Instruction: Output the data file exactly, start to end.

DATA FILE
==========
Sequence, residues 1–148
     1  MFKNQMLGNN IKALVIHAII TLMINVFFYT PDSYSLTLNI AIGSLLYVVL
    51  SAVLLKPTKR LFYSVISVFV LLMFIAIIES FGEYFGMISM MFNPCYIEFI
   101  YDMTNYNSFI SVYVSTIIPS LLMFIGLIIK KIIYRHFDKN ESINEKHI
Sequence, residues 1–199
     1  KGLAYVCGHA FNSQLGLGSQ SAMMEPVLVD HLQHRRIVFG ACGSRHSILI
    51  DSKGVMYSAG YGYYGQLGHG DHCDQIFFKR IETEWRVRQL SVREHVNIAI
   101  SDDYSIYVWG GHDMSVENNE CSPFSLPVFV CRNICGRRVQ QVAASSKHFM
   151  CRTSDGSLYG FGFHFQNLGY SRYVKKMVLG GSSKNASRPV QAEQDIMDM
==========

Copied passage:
Sequence, residues 1–148
     1  MFKNQMLGNN IKALVIHAII TLMINVFFYT PDSYSLTLNI AIGSLLYVVL
    51  SAVLLKPTKR LFYSVISVFV LLMFIAIIES FGEYFGMISM MFNPCYIEFI
   101  YDMTNYNSFI SVYVSTIIPS LLMFIGLIIK KIIYRHFDKN ESINEKHI
Sequence, residues 1–199
     1  KGLAYVCGHA FNSQLGLGSQ SAMMEPVLVD HLQHRRIVFG ACGSRHSILI
    51  DSKGVMYSAG YGYYGQLGHG DHCDQIFFKR IETEWRVRQL SVREHVNIAI
   101  SDDYSIYVWG GHDMSVENNE CSPFSLPVFV CRNICGRRVQ QVAASSKHFM
   151  CRTSDGSLYG FGFHFQNLGY SRYVKKMVLG GSSKNASRPV QAEQDIMDM